Are the modern day leaders still simply a product of their time? Here are some quotes from 1954 in a talk titled Race Problems – As They Affect the Church. The talk was given by Marion G. Romney who was an apostle and would eventually serve in the First Presidency of the church. The current prophet, Russel M. Nelson, was 29 years old at the time of this talk.
“Is there any reason then why the type of birth we receive in this life is not a reflection of our worthiness or lack of it in the pre-existent life? We must accept the justice of God. He is fair to all. He is not a respecter of persons. He will meet us according to what we deserve.”
“We cannot escape the conclusion that because of performance in our pre-existence some of us are born as Chinese, some as Japanese, some as Indians, some as Negroes, some as Americans, some as Latter-Day Saints. There are rewards and punishments fully in harmony with His established policy in dealing with sinners and saints, regarding all according to their deeds.”
“The Lord segregated the people both as to blood and place of residence, at least in the bases of the Lamanties and the Negroes we have the definite word of the Lord himself that He placed a dark skin upon them as a curse – as a sign to all others. He forbade intermarriage with them under threat of extension of the curse.”
When the church corrected it’s policies towards Black people, and stated that they disavowed those theories about the Priesthood ban, did any of those corrections also apply to Lamanites? In 2018 I was taught the following from an official representative/ missionary of the church:
“A curse was put upon people. The curse was that they were withdrawn from the spirit of God because they were wicked. The others needed a sign to help them know who didn’t have the spirit with them. So their skin was darkened so they could see who was who. Dark skin is not the curse itself.”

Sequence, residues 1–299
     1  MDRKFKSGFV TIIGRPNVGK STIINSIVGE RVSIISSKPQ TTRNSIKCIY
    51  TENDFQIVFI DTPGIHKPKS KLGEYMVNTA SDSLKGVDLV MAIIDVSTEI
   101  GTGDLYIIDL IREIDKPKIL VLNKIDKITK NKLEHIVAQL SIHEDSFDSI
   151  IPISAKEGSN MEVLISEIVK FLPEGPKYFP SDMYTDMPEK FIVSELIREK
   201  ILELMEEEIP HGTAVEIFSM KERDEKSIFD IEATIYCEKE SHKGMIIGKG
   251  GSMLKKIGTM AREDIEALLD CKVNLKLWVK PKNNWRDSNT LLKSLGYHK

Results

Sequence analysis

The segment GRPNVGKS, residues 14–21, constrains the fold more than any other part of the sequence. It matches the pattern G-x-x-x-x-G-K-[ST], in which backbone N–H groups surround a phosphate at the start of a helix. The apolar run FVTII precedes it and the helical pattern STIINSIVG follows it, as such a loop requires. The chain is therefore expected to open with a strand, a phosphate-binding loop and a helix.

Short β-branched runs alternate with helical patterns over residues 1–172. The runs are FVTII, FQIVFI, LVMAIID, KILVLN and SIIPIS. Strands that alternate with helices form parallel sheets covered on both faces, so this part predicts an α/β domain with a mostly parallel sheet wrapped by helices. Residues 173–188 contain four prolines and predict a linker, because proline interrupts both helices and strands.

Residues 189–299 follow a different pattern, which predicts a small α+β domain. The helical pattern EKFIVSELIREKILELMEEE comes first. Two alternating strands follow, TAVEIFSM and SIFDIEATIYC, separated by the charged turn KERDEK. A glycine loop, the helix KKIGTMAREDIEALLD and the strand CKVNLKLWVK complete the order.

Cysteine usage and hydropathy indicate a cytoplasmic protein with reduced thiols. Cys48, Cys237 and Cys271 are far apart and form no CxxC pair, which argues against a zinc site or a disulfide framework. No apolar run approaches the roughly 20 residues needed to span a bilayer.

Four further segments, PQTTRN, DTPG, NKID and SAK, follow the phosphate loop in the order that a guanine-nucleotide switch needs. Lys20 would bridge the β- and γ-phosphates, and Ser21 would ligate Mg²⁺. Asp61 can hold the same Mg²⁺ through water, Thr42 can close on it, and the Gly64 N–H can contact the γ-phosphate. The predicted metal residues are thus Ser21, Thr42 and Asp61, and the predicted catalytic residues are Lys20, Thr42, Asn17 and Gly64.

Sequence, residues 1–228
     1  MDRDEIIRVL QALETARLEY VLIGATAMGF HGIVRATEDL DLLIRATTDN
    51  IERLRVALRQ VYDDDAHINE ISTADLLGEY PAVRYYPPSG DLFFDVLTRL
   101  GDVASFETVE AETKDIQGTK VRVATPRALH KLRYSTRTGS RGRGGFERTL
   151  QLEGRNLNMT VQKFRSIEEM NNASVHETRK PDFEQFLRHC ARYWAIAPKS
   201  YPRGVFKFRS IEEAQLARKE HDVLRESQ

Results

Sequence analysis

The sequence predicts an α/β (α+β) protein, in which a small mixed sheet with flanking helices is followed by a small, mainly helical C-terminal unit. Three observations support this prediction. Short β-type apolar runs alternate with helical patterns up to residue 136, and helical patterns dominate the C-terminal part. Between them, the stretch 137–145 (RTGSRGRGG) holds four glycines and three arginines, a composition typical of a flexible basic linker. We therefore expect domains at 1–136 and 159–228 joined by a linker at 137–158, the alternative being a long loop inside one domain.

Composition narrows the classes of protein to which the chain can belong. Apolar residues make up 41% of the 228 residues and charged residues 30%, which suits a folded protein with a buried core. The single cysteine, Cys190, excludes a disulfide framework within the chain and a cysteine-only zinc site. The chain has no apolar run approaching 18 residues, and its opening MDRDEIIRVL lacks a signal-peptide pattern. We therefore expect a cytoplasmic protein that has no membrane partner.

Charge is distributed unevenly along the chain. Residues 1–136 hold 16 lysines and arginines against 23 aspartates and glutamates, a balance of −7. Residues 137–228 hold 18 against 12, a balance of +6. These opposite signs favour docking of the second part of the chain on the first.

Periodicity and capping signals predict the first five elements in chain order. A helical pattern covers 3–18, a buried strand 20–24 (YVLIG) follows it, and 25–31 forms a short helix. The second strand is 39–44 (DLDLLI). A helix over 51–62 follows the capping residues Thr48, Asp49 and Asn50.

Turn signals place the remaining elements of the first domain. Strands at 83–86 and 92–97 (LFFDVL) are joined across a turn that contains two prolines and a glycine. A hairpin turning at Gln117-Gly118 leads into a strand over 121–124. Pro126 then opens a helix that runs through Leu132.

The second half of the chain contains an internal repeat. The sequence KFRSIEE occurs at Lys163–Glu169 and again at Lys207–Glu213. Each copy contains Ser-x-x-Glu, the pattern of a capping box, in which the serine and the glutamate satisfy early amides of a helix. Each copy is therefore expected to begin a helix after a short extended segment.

“Not all the people of the world, we only know of the Lamanites. We need to recognize that this was one situation, under these circumstances 2000 years ago. It is not saying all black people are wicked or cursed at all.”
I want to know exactly what the church is saying. Are they saying they are truly against all forms of racism INCLUDING the beliefs in their own manuals and scriptures? Or are they saying they aren’t racist, because how could these things be racism if it is God who did it? They deny responsibility so it is hard to tell if there is any real forward motion.
Part of me wonders if they are changing, but moving slow for those having a hard time with changing beliefs. All I know is that if Indigenous children and families were really a top concern they would not use the term “disavow”, there would be definite changes to all in print material, and there would be an apology.
In closing I would like to disavow this blog post and all prior blog posts which only came to fruition as a result of those previously mentioned disavowed canonized writings which were translated from the most correct historical record but accidentally supposedly misunderstood by all church leaders since the beginning of the church to present but are still current beliefs and acceptable as there is no responsibility or support for either increasing or decreasing the spreading of such theories as all things spiritual are mysterious and unknown which requires no apology. Follow the prophet and back to church.
Relevant Previous Blog Posts for extra reading fun.
Conversation with Mormon Missionaries click here
The Racist God click here
BYU Education Week and Manifest Destiny click here
My Response in December 2019 to the Come Follow Me manual click here